the Class of 2034
pdf for color printing
Base Primary Education on Determining a Student's Special
1) Special Intelligence is above average ability a person has in one or more areas of the multiple intelligences which include Mathematical, Spatial, Bodily Movement, Musical, Verbal, Interpersonal,
and Intrapersonal. Curriculum should maximize special intelligence.
2) Core Intelligence centers on mathematical-logical intelligence and verbal intelligence.
Skills related to core intelligence are emphasized by traditional curriculums.
3) Rewards await people who develop skills associated with their special intelligence provided they have
the minimum core intelligence skills required for their career. In the words of John Dewey..."to prepare
him for the future life means to give him command of himself; it means so to train him that he will have
the full and ready use of all his capacities" My pedagogic creed, Dewey, 1897 Wiki
Change 3 "Individualized
Curriculums" help students
discover and enhance their "Special Intelligence."
1) Grades one to eight should concentrate on determine and exploring a student's special intelligence while bringing their core intelligence up to an acceptable minimum. Note: This should be a fun time and not the rigor of some Asian countries and tiger mothers of the United States. Such activities caused anxious unhappy students! If you must test, comparison to those in the student's school and state would limit the negative effects on self-esteem. See No Grades/Homework
2) Career availability information should help students with their curriculum choices.
Since 66% of future jobs require no additional formal education beyond high school, individualized curriculum for many may be more life/career skills oriented. For example, studies show that people with self-control do better in many aspects of life and it can be taught. RSA Animate – Empathic Civilization is just one example of the new areas that limiting concentration to one's special intelligence will allow.
|Change 2 A year-round school calendar of four twelve-week terms with 4 plus 2 hour days for Secondary Education will improve learning and decrease cost. The U.S. has the best universities in the world and students only have 15-20 fifty-minute class periods per week. Our most successful students also have structured unstructured time for labs to apply knowledge or get involved with skill improving extracurricular activities. Germany schools produce the world's most productive workers and more than half her students finishes at 1 PM. A 4 plus 2 day has four 50-minutes traditionally structured classes in a row and two hours of structured unstructured time when a student's Individualize Curriculums is determined. Students can work, take more academic classes, volunteer, create a group to compete for academic prizes, attend career-focused academies, play sports or let American ingenuity provide relevant learning experiences.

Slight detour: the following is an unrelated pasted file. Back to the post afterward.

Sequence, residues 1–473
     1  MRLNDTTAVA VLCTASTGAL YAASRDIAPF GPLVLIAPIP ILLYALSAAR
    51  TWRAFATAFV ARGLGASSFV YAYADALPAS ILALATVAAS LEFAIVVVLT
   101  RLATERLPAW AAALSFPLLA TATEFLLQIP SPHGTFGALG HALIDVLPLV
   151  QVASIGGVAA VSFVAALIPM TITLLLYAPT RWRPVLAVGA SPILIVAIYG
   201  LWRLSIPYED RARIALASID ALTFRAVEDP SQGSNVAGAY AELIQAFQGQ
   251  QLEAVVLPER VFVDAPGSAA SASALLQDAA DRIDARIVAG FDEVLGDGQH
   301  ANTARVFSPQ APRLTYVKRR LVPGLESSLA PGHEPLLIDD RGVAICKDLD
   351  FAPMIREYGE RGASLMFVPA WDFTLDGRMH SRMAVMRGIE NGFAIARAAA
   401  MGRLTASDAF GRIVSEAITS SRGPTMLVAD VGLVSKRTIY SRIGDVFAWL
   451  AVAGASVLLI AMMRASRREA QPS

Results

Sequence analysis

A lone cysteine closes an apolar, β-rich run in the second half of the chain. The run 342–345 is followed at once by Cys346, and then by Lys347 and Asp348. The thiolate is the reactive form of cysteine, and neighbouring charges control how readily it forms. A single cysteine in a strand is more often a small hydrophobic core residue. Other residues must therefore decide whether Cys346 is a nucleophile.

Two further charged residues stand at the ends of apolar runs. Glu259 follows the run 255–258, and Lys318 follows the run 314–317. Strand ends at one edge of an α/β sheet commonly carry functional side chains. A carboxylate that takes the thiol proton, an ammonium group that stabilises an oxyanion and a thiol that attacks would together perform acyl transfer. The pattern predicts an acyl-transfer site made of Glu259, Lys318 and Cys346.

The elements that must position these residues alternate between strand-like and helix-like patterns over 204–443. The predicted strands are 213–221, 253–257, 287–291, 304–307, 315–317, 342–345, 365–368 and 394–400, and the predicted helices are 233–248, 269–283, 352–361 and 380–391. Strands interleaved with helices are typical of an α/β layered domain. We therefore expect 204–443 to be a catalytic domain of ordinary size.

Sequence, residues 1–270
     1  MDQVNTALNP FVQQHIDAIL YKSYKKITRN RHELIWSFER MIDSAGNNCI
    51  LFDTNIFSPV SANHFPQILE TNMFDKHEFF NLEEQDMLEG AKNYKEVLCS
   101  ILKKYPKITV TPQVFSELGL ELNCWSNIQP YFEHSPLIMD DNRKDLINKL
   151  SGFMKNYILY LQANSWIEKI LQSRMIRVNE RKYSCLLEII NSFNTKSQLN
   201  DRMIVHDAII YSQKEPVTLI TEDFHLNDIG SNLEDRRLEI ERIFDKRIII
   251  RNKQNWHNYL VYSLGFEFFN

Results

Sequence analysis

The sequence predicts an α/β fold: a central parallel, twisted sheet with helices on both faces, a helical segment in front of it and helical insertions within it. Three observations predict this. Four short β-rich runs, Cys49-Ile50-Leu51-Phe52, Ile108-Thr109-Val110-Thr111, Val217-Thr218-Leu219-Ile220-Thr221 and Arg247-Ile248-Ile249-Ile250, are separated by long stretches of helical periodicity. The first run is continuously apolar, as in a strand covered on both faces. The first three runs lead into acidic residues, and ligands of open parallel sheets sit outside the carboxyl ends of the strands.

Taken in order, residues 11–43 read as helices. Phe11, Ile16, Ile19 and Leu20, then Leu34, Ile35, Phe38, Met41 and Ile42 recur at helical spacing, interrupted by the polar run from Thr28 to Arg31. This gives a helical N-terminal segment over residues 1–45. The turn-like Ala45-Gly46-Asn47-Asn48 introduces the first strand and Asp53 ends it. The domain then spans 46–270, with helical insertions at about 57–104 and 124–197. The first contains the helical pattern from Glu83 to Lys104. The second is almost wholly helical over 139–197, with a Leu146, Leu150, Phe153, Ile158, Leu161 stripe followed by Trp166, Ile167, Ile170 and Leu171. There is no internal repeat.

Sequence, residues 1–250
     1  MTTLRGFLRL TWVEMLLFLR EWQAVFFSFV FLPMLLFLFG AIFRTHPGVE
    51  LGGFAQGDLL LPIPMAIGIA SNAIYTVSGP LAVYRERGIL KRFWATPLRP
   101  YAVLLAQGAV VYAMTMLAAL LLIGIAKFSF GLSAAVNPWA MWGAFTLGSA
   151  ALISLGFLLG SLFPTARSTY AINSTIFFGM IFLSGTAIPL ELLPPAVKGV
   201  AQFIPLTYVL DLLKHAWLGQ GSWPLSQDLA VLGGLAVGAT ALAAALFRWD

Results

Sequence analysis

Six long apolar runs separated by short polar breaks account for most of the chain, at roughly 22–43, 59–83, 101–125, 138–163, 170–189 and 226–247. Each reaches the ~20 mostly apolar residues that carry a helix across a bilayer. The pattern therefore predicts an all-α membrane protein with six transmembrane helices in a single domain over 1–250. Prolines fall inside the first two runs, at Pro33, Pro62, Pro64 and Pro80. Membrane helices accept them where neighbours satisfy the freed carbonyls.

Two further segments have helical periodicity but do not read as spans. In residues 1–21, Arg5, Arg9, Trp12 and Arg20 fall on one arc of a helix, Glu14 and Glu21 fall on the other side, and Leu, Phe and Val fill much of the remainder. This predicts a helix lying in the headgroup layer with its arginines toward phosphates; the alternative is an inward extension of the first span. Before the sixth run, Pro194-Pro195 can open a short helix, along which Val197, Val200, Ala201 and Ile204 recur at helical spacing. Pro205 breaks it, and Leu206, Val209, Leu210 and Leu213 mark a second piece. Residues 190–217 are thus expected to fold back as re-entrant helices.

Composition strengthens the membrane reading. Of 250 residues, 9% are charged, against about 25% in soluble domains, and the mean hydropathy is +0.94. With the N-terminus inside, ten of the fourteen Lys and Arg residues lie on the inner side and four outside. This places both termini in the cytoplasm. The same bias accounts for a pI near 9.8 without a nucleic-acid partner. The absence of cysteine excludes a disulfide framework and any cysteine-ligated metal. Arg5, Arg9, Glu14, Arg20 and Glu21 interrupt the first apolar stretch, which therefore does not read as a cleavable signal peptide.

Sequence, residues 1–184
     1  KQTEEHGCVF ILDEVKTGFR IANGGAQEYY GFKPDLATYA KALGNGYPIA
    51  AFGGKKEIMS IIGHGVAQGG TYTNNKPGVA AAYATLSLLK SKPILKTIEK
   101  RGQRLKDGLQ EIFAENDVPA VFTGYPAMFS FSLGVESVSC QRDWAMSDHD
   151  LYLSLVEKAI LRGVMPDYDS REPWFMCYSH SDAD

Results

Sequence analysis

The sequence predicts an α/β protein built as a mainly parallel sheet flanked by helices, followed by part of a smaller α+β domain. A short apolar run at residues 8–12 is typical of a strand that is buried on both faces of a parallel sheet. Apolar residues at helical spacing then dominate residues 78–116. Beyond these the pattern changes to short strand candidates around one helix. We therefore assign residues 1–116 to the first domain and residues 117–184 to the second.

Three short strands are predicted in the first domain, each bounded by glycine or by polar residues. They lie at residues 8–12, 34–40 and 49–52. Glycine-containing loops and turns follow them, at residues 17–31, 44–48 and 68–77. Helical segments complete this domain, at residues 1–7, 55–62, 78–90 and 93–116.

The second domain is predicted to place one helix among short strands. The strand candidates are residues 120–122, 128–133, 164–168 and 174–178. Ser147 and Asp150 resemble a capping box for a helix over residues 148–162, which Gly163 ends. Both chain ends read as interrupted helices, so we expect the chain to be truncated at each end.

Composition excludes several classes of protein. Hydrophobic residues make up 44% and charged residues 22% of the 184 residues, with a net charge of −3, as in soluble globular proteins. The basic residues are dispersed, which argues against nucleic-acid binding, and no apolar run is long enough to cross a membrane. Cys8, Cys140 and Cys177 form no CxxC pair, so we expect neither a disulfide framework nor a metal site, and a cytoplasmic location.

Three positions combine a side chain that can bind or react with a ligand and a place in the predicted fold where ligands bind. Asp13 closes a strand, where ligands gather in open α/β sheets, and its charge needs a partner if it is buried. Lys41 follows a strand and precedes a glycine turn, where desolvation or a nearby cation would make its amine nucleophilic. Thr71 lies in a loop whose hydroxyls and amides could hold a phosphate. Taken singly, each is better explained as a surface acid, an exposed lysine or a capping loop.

2) A two-tier classroom system has enhanced student work benefits.
3) Financial benefits for teachers result as they can teach overload courses in their off session.
If a system's average teacher earns $50,000/year for sixteen courses or $3,125 per class for a year round morning assignment they could earn say $2000 per course for additional afternoon overload courses. Sixteen overloads cost $32,000 saving $18,000 or 36% of a salary plus fringe benefits and also make for happy teachers.
4) Economic facilities use would solve housing problems. The potential cost saving for large school systems making maximum use of their facilities are unlimited.
5) Structured Unstructured Time benefits the community. It is spent at school or community facilities to enhance Special Intelligence and also to provide paid/voluntary experiences for students and teachers. John Dewey "...advocated for an educational structure that strikes a balance between delivering knowledge while also taking into account the interests and experiences of the student." Academics will not suffer as trying to enhance intelligence with additional memory training is not money well spent. source
Schools should be academically demanding
for those with high math/verbal intelligence and who fill the 22% bachelor's
degree or higher jobs.
School curriculums should not so demanding that a substantial number of students drop out or lose confidence. Pre-algebra should only be in the curriculum of student possessing high mathematics intelligence. A nursing student should not have to take statistics (a course I taught for 35 years) because they might someday go on for a master's degree. Nursing isn't about mathematics, little inferential statistics is required. Nothing is gained from the terror creates in the non-mathematical. See German Educational System